According to the recent insight report released from BizBuySell.com
In Q1 2023, the volume of small business acquisitions increased by 4.8% compared to the previous quarter. Despite being lower than the previous year, the median sale prices of businesses rose by 1.4%, while median revenue and cash flow increased by 6.7% and 2.8%, respectively. The rise in transactions may be due to delayed SBA loan processing, an increase in sellers ready to move forward, and a rise in online traffic. As a result of higher interest rates, buyers are negotiating lower prices for acquisitions, placing pressure on business values. Nearly one-third of business owners are accelerating their plans to exit their businesses, with retirement being the main reason. However, the market favors buyers, and sellers need to consider their best options for arriving at a favorable price.
Business Market’s Shifting Tides
Many sellers looking to secure their retirement nest egg may be more willing to negotiate prices rather than risk being in a weaker position. Additionally, with buyers facing higher acquisition costs, asking prices seem less reasonable, causing 42% of buyers to delay their purchase timeline. The market has shifted in favor of buyers due to rising SBA and commercial real estate rates, as well as a shift toward more owners aged 55+ selling their business entities. Interest rates are not favorable for buyers right now, and seller financing could be more attractive for a buyer if the terms can beat out a bank’s proposed rates. During Q1 2023, businesses with a selling price of $1 million or more had a median cash flow of $560,473 and remained on the market for 211 days, compared to businesses with a deal size under $1 million which had a median cash flow of $125,348 and were on the market for 176 days.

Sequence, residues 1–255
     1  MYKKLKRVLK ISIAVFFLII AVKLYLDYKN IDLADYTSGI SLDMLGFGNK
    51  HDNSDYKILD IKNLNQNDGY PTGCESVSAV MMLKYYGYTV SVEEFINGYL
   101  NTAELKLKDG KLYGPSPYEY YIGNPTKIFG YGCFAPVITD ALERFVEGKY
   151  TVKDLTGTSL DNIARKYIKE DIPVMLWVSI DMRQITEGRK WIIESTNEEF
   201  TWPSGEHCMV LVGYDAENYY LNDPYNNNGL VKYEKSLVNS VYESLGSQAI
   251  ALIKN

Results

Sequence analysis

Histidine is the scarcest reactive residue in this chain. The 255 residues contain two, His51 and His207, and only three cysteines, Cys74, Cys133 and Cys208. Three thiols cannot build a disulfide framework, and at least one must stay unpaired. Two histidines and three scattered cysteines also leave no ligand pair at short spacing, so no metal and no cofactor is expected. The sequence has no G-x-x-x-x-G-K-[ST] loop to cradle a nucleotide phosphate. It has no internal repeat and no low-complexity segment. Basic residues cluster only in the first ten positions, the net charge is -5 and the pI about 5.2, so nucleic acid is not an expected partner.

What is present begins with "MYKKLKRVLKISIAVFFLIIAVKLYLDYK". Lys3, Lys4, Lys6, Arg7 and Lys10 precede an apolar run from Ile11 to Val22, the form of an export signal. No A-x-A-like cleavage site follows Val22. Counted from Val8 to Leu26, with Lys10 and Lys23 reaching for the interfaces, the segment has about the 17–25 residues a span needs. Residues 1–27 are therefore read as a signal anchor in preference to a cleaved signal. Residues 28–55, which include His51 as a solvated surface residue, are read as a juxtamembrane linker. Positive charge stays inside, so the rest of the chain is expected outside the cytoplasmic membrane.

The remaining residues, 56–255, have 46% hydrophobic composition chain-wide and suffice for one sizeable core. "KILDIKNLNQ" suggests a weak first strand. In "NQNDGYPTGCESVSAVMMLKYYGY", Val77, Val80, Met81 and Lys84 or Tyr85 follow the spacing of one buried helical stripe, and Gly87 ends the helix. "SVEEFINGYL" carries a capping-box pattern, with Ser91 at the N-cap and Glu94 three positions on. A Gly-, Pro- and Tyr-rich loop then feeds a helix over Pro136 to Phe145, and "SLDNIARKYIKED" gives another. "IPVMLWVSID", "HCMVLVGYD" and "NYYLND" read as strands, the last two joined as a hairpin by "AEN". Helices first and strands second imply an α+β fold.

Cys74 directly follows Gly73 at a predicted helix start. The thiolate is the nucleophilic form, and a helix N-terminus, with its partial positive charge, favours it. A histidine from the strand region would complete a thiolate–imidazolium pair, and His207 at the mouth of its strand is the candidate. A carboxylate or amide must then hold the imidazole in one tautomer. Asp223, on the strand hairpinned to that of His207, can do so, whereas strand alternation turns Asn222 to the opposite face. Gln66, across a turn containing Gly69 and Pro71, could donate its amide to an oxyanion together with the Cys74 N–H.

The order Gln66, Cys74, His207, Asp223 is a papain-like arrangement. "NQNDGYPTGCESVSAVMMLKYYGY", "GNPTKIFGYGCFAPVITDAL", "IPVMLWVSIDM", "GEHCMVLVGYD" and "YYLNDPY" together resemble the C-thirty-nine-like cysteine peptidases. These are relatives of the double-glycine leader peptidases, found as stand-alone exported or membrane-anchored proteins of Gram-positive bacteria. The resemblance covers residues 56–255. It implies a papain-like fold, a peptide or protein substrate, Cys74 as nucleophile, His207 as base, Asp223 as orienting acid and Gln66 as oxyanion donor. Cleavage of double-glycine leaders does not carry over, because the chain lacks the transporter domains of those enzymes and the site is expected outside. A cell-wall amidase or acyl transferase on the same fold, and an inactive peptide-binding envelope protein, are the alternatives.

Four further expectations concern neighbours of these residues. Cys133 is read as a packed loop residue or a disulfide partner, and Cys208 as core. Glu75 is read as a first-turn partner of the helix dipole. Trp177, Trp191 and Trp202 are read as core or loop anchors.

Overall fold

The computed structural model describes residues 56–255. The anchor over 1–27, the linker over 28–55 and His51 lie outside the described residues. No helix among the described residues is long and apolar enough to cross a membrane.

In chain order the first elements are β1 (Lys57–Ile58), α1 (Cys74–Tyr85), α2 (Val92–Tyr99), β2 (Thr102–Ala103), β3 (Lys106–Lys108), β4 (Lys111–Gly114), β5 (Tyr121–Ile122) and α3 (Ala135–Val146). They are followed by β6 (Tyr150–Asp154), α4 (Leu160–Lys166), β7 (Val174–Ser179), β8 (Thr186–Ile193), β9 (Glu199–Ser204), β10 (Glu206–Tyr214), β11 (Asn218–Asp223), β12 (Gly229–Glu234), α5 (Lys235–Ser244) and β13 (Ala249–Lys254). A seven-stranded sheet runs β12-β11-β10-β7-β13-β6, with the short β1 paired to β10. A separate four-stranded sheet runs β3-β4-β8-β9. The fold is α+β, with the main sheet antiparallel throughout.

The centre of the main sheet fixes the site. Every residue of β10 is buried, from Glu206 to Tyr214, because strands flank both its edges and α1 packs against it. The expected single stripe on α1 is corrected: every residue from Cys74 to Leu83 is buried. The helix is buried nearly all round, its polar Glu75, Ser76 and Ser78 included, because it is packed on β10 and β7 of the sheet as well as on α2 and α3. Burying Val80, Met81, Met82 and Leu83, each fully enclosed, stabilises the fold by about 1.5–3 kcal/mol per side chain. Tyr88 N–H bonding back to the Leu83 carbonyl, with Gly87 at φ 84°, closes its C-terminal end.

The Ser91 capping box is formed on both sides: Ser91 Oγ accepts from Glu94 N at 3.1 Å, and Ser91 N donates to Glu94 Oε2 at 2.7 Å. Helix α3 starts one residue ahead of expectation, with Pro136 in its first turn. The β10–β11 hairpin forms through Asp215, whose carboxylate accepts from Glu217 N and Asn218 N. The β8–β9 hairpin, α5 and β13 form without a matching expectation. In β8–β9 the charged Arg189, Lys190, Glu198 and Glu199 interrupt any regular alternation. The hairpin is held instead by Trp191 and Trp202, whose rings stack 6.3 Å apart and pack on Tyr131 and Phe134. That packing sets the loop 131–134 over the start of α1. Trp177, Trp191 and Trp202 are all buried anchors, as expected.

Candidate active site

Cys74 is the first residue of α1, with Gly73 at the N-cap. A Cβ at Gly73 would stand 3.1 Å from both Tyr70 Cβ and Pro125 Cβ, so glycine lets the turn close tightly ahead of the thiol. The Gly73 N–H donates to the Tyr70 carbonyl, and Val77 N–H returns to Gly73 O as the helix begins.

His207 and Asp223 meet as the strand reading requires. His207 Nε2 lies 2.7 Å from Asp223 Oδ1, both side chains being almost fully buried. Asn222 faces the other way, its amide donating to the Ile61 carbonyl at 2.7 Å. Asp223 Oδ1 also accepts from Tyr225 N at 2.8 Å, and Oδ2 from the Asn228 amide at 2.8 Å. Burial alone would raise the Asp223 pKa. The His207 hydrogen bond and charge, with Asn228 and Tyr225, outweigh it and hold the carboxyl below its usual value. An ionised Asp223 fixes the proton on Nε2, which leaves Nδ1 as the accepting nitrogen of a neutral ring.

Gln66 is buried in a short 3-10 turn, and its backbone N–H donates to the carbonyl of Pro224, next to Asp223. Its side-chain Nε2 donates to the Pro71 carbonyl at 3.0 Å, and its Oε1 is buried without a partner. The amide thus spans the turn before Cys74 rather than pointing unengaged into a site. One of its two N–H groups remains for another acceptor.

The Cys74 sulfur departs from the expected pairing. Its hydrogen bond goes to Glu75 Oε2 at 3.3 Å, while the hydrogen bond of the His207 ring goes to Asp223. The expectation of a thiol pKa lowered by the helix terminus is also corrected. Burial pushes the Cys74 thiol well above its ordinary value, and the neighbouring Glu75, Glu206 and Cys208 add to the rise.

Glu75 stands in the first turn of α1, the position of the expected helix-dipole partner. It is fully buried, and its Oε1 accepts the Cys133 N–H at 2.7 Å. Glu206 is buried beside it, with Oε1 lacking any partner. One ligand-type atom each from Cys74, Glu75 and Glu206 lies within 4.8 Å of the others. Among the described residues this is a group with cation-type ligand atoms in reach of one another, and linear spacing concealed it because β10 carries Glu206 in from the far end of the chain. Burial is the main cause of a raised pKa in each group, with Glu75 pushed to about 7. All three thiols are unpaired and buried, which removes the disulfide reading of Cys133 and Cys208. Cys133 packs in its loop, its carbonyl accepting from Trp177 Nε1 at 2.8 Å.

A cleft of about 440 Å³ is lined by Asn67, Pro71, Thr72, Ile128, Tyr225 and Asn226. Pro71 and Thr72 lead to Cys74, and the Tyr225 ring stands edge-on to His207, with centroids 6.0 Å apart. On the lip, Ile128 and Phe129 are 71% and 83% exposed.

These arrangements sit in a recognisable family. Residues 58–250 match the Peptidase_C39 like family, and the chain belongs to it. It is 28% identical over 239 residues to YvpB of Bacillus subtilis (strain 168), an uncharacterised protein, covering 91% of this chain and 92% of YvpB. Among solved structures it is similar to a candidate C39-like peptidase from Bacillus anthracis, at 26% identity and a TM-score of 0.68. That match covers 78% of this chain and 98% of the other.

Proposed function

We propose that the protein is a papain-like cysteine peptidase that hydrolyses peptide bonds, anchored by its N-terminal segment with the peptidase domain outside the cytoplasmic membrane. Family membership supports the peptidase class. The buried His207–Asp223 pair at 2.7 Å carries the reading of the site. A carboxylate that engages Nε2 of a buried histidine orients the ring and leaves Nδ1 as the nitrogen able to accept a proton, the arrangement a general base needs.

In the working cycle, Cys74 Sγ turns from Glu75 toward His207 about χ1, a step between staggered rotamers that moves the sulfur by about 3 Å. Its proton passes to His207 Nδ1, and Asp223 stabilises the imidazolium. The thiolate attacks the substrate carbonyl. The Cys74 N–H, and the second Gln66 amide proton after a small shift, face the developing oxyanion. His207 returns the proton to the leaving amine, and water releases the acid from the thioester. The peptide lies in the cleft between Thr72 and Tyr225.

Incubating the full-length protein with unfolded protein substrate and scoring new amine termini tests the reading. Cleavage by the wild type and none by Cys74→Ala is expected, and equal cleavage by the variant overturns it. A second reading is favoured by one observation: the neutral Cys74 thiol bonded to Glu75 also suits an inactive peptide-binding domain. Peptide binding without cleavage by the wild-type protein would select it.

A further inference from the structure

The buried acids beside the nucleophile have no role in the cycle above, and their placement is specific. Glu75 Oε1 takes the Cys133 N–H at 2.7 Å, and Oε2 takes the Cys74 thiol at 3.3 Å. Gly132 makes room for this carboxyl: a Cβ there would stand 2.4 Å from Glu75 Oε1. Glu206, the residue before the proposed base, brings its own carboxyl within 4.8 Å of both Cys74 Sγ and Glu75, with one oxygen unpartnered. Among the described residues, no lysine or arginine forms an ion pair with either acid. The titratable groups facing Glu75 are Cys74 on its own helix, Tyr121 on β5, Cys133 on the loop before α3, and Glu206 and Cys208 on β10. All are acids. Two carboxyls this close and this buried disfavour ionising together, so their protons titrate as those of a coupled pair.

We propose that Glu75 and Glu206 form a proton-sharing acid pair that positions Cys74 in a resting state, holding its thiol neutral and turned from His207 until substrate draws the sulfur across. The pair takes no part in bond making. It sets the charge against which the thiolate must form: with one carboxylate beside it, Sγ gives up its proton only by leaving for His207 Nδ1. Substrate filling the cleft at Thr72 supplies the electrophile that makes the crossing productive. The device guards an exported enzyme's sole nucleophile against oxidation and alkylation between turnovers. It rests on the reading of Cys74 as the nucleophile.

Percentages Paint Business Outlook
The small business market is expected to continue facing challenges from inflation and higher interest rates, but the labor market is adapting to the changing economic conditions. Many business owners believe that the economy is slowing down, with 40% believing that the US is already in a recession, and 36% predicting that the country will enter one this year. While the pandemic may have spurred more people to take a closer look at what they want to do in their working lives, inflation and recession remain the top concerns for business owners. Restaurants, in particular, are feeling the pinch of rising food prices and are struggling to hire qualified staff. The service industry accounted for 46% of larger acquisitions, followed by retail, manufacturing, and restaurant sectors.